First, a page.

Credit: WisDOT

A sign coordinator for the WisDOT office checks on roads using the sign maintenance software.
The Wisconsin state legislature had considered raising the speed limit for freeways from 65 mph to 70 or 75 mph; WisDOT was able to fulfill requests for data on existing signs to help make this decision.

Matt Rauch, state signing engineer with WisDOT's Bureau of Highway Operations, works closely with the sign management system. Recently, the state legislature was looking into raising the speed limit for freeways from 65 mph to 70 or 75 mph, and Rauch had received many requests for data on existing signs.

“People had asked me, if we change the speed limit, how many signs do we have on the freeway that will need to be changed,” said Rauch. “With our system it was so easy to come up with the numbers—they were right at my fingertips.”

The sign management system enables managers and staff to run multiple reports. WisDOT staff runs accounting reports for various purposes, such as design costing and legislative reports.

“We can account for the distribution of each sign and charge it back to the appropriate project number,” said Mike Rufflo, WisDOT's project leader. “The software allows us to run damage reports of signs or posts. It also gives us an annual report of our asset inventory and the value of that inventory.”


Wisconsin has a statewide quality assurance and asset management program for highway operations. The COMPASS program uses statistical sampling to evaluate the condition of roadways, pavement and bridges and provides reports to upper management and in some cases the legislature. For sign assets, WisDOT has received favorable feedback on the reports and accuracy of the data drawn from the Sign Inventory Management System, or SIMS.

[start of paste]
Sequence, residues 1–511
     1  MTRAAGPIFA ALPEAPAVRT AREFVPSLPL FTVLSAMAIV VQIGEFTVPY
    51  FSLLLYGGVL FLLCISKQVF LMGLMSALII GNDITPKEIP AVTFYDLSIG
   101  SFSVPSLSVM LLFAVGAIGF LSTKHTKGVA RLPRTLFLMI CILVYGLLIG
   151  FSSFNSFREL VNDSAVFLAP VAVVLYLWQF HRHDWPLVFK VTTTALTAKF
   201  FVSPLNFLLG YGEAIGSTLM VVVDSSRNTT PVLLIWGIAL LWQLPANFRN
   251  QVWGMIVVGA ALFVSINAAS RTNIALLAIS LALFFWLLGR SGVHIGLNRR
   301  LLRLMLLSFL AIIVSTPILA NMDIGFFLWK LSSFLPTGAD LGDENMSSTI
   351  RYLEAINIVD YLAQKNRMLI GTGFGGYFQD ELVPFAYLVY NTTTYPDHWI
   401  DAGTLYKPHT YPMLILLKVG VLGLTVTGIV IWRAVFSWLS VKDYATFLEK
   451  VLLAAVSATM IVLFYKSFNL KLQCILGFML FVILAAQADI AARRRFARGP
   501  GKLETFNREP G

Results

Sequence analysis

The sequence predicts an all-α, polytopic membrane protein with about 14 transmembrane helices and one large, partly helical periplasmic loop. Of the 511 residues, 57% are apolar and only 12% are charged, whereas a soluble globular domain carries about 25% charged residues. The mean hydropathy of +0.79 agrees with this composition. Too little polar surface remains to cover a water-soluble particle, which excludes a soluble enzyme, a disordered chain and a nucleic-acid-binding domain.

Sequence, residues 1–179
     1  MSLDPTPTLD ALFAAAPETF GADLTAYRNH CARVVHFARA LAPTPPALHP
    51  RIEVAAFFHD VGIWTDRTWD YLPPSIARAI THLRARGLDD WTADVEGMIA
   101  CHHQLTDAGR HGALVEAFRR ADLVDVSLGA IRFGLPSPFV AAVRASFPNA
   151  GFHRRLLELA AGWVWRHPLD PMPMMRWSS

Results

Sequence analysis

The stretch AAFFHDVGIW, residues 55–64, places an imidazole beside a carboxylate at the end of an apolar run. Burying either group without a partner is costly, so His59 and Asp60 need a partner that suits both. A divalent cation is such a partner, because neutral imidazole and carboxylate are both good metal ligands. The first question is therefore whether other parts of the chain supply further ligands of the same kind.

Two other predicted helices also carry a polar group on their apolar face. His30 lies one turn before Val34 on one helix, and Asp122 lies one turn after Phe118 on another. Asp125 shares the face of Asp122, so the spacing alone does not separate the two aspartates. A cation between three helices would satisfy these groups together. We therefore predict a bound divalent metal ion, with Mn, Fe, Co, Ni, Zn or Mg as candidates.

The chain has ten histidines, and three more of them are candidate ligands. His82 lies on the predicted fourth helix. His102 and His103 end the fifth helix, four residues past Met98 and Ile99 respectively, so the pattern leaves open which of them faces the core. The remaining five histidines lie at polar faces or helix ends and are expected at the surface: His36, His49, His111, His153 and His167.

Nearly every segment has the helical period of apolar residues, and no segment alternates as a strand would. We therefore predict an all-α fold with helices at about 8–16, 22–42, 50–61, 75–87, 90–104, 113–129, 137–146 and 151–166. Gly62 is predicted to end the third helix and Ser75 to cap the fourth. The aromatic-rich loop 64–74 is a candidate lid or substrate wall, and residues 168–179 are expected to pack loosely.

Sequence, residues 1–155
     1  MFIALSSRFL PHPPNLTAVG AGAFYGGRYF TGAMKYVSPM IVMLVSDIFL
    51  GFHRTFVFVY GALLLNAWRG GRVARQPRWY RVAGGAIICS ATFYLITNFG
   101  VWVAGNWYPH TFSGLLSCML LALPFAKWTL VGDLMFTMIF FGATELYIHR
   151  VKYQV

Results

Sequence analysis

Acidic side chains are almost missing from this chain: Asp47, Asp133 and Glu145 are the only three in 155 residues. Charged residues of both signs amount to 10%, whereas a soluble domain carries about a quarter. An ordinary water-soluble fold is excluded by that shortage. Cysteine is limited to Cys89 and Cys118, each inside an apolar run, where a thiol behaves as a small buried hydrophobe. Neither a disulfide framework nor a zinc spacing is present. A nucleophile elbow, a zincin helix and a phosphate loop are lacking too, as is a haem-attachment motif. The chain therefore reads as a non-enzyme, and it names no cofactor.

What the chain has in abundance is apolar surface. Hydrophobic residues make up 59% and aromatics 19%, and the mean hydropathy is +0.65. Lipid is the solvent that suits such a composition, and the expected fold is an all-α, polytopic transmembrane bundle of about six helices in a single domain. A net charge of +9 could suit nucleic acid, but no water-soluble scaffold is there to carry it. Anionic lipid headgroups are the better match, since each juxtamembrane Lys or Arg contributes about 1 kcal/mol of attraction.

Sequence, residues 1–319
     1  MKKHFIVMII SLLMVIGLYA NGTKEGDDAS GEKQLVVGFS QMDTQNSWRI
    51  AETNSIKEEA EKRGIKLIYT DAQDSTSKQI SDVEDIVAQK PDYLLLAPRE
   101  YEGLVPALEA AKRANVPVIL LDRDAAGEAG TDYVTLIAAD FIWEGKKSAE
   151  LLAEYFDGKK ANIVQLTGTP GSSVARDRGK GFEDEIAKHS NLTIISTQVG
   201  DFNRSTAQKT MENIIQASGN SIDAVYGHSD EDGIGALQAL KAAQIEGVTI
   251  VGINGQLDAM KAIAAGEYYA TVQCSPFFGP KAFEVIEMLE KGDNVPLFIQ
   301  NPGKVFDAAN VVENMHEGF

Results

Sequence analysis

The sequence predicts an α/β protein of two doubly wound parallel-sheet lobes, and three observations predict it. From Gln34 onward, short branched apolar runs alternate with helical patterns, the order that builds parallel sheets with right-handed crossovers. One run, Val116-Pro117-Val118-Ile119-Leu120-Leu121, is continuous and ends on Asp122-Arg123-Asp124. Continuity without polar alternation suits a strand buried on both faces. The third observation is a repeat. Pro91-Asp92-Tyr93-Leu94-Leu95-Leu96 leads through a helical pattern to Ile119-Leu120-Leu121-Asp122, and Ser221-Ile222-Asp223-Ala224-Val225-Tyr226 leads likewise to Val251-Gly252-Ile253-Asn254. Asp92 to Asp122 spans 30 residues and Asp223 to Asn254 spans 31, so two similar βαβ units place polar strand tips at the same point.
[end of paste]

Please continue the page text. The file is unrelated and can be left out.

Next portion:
The statewide sampling program pulls only a periodical spot check of assets, according to Rod Riepl, Operations Information Systems project team leader for WisDOT. “Officials are more satisfied with the SIMS database because it is true data. With sampling there are a lot of judgment calls, while SIMS gives factual data for each sign,” said Riepl.

“We can provide the legislature with the list of all of the signs, their service life, and how many signs are 10 years old or older within a few minutes,” said Rauch.


The flexibility of the sign management software allows users at all levels to complete their jobs effectively. Rauch appreciates the ability to run filters statewide and quickly obtain budgeting information. In Riepl's position, he has found that the integrity of the data is as important as what is actually in the database. Allaby sees the benefits of automation making people more productive.

Rauch is a strong proponent of training users and one way WisDOThas accomplished this is by developing users groups. The groups meet quarterly to get their questions answered and share solutions.

“Take your time,” Riepl advises organizations that plan to begin implementing maintenance software. “What are the pieces of the puzzle that you will need to filter and what information do you want out of the database? Defining this is almost as important as the database itself.”

— Jay Wickham is executive vice president of marketing with CartêGraph, Dubuque, Iowa.